Shortly after the Korean War, travelling musician Woo-ryong (Ryoo Seung-ryong (류승룡) and his sickly son Yeong-nam (Goo Seung-hyeon (구승현) embark on a trip to Seoul to treat the youngster’s tuberculosis. On the journey, the exhausted pair are granted refuge at a secluded mountain village presided over by a kindly Elder (Lee Sung-min (이성민), but it quickly becomes clear that something very strange is transpiring amongst the folk residing there. Learning of the severe rat infestation, Woo-ryong boldly offers to rid the village of the vermin, yet when the residents renege on the fee and cast them out, the piper seeks a very unique brand of revenge.
Taking The Pied Piper of Hamelin as its cue, director Kim Kwang-tae’s ‘reimagining’ of the classic European fable into a Korean morality tale is a bland, fractured, and unengaging effort. Aside from some attractive cinematography The Piper consistently appears as if still in the development stages conceptually, which serves to dilute audience interest and lessen thrills – a crucial issue for a film about killer rats.
From the moment it begins, The Piper generates a sense of intrigue as Woo-ryong and son Yeong-nam hide in a secluded cave during a storm, the wind of which blows so strongly that a secret path to a hidden village is revealed. As the duo seek respite there for a day or two, suspense grows as the inhabitants appear to exchange meaningful and worried glances due to the arrival of their new guests. Yet while events are set up promisingly the mysterious nature of the film is largely a direct result of its structure and a strange sense of incompleteness. Occurrences, characters and relationships arise and recede with precious little introduction or general context making the story a rather fragmented and confusing effort. As such, audiences aren’t given any reasons to care for any of the protagonists, or even dislike the antagonists, other than the fact it’s clear a macabre secret is being hidden.
The story itself is a symbolic tale, using the microcosm of a mountain village to articulate how war, history and paranoia looms large in times of unrest and influences people into evil deeds. It’s a solid premise and one that’s full of potential, however director Kim Kwang-tae doesn’t manage to effectively convey the scope of his message. In part this is due to the fractured story and characterisation, but also the rats simply aren’t the potent menace they ought to be and are not frightening in the slightest, and though billed as a fantasy-horror The Piper doesn’t really fit into either genre, generally conforming to genial drama tropes. Furthermore, Welcome to Dongmakol and Moss dealt with similar subject matter and while viewing it’s impossible not to think of these superior examples with nostalgia.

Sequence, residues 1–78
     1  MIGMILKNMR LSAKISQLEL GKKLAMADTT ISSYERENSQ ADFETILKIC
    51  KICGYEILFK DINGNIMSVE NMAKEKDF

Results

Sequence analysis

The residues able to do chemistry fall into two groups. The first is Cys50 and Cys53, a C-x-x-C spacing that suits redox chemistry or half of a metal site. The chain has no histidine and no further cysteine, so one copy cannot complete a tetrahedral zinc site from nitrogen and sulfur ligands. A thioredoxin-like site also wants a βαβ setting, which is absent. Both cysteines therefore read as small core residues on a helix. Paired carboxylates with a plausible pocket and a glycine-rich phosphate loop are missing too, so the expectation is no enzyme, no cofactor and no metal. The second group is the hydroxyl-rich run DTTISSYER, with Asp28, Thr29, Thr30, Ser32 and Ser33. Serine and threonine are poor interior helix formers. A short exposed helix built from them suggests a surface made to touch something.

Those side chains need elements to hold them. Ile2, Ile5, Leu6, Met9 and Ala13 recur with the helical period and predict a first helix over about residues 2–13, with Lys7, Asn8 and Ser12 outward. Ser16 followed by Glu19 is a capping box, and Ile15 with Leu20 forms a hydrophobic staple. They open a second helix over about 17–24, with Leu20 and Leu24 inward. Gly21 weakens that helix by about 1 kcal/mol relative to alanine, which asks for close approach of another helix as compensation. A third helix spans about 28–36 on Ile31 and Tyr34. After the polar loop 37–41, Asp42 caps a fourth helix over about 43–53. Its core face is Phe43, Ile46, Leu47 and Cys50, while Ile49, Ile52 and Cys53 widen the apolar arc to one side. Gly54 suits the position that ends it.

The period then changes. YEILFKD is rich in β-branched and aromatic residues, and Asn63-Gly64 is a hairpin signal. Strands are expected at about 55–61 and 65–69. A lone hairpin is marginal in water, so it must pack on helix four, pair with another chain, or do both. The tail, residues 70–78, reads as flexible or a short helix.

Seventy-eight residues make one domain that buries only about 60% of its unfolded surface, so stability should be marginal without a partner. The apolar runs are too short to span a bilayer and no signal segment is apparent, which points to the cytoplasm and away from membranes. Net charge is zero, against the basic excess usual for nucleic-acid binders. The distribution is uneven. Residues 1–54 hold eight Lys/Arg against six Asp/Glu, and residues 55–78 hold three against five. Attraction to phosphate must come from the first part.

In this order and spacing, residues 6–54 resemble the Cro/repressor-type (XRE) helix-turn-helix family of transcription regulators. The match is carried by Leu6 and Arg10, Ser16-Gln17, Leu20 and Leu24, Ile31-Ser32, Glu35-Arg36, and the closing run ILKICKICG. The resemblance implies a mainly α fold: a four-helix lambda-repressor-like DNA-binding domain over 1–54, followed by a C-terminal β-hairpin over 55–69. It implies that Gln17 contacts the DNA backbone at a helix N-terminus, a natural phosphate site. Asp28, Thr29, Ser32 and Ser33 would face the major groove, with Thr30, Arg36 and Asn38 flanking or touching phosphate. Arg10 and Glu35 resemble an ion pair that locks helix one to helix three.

The fractured narrative structure makes it even more difficult for Ryoo Seung-ryong to carry The Piper on his shoulders, and though he tries his best to infuse the role and the film with an infectious energy, it often translates as overly theatrical and bothersome. His burgeoning romantic relationship with widowed shaman Mi-sook falls completely flat due to the lack of development and contrivances within the script. As Mi-sook, Cheon Woo-hee – certainly the best actor in the film – desperately tries to wrangle something from the role and manages to infuse some palpable emotion in a scene here and there, yet as the audience is never given any information about her or as to why empathy should be given, her efforts are tragically wasted. Lee Sung-min isn’t provided with scenes of gravitas to make him a worthy nemesis, while K-pop star/actor Lee Joon makes blink-and-you’ll-miss-it appearances. The most compelling role falls to youngster Goo Seung-hyeon as tuberculosis suffering Yeong-nam, who brings a surprising amount of empathy to the story.
Though billed as a fantasy-horror The Piper is ultimately neither. While the cinematography is consistently gorgeous and director Kim Kwang-tae’s premise has merit, the film suffers enormously from a fractured structure that conveys it as incomplete, resulting in audiences unable to engage or empathise with characters and events, or even enjoy the sporadic thrills.